Cheering on your family and friends at graduation has become a risky proposition as schools around the country have cracked down on celebrations, withholding diplomas from students and arresting parents who "misbehave" during commencement.
In Florence, S.C., proud mother Sharon Cooper was handcuffed and escorted out of the arena where daughter Iesha Cooper was graduating from high school last Saturday. According to South Carolina news station WPDE, the school had warned parents earlier that anyone who cheered or yelled during the roll call would be escorted from the building, and that people who were disorderly while being led out would be arrested.
Cooper was taken out of the civic center and placed in handcuffs, according to the report.
"'Are you all serious? Are you all for real?' I mean, that's what I'm thinking in my mind," Cooper told WPDE."I didn't say anything. I was just like OK, I can't fight the law."
Cooper was placed in a police van and taken to a detention center for several hours before posting a $225 bond, according to the station. Cooper, who was charged with disorderly conduct, could not be reached for comment.
A spokeswoman for the Florence school district, Pamela Little-McDaniel, told ABC News that because three high schools were graduating together, it was important to ensure that every parent was able to hear their child's name called. The school sent out multiple notices to all parents requesting their cooperation and warning them that cheering or yelling could get them removed by police from the ceremony.
"The school did try to communicate this information with the parent, so everyone would be able to hear the ceremony and hear their child's name get called," she said.
In Mount Healthy, Ohio, graduating senior Anthony Cornist was docked a diploma because his family and friends cheered too loudly as he walked across the stage during the graduation ceremony.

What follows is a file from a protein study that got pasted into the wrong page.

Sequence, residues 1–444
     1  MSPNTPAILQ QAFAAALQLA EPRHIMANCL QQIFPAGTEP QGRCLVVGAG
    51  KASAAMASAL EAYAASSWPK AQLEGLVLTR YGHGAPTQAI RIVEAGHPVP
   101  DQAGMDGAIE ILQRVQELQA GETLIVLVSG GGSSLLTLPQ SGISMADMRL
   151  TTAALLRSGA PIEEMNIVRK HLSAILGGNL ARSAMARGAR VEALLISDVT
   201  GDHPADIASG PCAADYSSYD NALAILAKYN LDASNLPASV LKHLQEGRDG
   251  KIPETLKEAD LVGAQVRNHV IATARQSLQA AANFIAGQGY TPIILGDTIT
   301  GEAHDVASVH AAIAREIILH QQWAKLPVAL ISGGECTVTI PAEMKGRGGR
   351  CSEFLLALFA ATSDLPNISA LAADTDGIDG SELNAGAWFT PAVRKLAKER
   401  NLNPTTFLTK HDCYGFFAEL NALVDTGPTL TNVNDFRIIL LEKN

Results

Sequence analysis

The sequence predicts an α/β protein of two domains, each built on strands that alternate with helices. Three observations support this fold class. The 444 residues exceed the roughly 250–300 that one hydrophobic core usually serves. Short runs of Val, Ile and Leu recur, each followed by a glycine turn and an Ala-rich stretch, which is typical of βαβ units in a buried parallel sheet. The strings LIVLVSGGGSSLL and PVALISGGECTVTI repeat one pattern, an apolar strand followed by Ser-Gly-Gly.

"I will be holding your diploma in the main office due to the excessive cheering your guests displayed during the Roll Call," read a letter from the school principal, according to ABC News affiliate WCPO. The letter also demanded Cornist or his family members complete 20 hours of community service in order to receive his diploma.
"It's crazy how someone can do that to you," said Cornist. "I didn't do nothing wrong, but walk across the stage."
Cornist's upset mother said that teachers, other students as well as other families were cheering for her son. "I don't understand how he is being punished for something he has no control over. He's definitely not doing the community service."
Administrators from Mount Healthy high school and the school district did not return calls for comment. Cornist was not able to be reached for comment.
In Tennessee, diplomas were withheld from at least 10 members of a graduating high school class not for cheering loudly, but for sitting quietly, albeit with loudly-decorated graduation caps.
"We're going to decorate our caps anyway because we paid for them," senior Brianna Carroll told news station WRCB in reaction to her high school's ban on cap decorations.
Administrators from McMinn County High School warned students that caps were not to be decorated, and students would be punished if the broke the rule.
"He goes, 'remember I have your diploma, I have the trump card'," Carroll told WRCB about her school superintendent, David Pierce.
Carroll and other students were punished with 20 hours of community service in order to receive their diplomas.
John Burroughs, principal of the school, told ABC News that the ban came from the superintendent.
"It ended up being about 10 individuals out of a class of over 325, and we did offer all of these students alternatives prior to the ceremony," he said.
Pierce, the district superintendent, did not return calls for comment.